1 Dec 2022

One in four households would struggle to pay expected big bill - survey

6:55 pm on 1 December 2022
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People are looking for financial advice and guidance from various apps and systems, the survey shows. Photo: 123RF

A quarter of households would not be able to cope financially with an unexpected big bill, and more than a third want to save more but are struggling to do so.

A survey by Payments NZ - the company that looks after the transfers of trillions of dollars a year between consumers, businesses and banks - matches other research, showing a significant number of New Zealand households have a hand-to-mouth financial existence, are under prepared for financial shocks, and struggle to put aside money for the future.

"It's reflective of a lot of our current conditions in our economy and how people feel about their wellbeing," Payments NZ's general manager of strategy Jane-Renee Retimana said.

The survey also showed consumers were looking for financial advice and guidance from various apps and systems, she said.

Retimana said a clear finding of the survey was support for real-time payments to get money into accounts more quickly.

Payments NZ expected all year round same-day financial payments to come into force next May .

The organisation oversees the transfer of transactions, which presently occur only in the normal Monday to Friday business week, meaning payments on a Saturday are not made until the start of the following week.

"People want money into their bank accounts quickly and the quicker they get paid, the quicker they can recycle that money into buying other goods and services," she said.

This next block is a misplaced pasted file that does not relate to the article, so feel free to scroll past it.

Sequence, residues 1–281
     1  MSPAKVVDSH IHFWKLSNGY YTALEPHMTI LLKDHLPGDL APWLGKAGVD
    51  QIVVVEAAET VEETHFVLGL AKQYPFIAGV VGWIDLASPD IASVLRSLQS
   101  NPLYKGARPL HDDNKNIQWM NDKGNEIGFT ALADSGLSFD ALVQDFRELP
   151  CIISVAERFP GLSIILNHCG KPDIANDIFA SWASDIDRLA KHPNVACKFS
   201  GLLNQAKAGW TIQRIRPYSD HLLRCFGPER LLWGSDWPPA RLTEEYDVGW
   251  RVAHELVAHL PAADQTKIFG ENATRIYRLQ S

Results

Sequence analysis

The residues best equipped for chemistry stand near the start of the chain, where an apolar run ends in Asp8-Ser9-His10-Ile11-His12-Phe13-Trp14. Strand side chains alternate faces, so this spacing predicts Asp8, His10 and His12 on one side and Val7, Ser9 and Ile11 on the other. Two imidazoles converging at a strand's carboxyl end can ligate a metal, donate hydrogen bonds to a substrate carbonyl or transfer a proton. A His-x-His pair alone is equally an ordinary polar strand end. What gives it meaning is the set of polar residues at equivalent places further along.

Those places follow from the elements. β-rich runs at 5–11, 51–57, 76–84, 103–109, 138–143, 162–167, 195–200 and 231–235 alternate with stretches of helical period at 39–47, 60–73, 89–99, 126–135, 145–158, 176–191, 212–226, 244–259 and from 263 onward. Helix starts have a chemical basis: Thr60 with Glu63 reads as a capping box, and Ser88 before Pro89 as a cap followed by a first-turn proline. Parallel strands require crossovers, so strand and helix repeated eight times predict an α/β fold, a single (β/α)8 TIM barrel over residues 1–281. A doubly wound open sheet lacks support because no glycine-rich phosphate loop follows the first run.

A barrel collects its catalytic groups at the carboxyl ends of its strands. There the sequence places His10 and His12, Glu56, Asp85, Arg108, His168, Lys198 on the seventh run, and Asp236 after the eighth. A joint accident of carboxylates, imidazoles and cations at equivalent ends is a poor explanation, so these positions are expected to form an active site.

All the main retail banks will be part of the new "365-day payments" system, which Retimana said would also be a boon to businesses hampered by delays in payments especially on long holiday weekends.

Under insured

Meanwhile, a new report from the Financial Services Council (FSC) showed as many as 40 percent of respondents could not put their hands on $5000 if faced with an unexpected shock.

The report also showed large numbers had little or no insurance cover to call on in case of emergency or hardship.

It said around 70 percent were underinsured, with only 11 percent having income protection insurance, 14 percent with total and permanent disability insurance, and 18 percent with cover for trauma or critical illness.

Basic life and medical insurance cover were more prevalent, with a third or more having cover, but overall the cost of insurance was a major barrier.

FSC chief executive Richard Klipin said households were struggling with inflation and rising interest rates, but many people had not faced a severe financial shock or recession.

"While it's understandable some are, and should be, prioritising immediate needs, the latest findings are cause for alarm and reflect the importance of long-term thinking when it comes to our finances."

Considering the impact shocks could have on families, insurance was something families could not afford to be without, he said.

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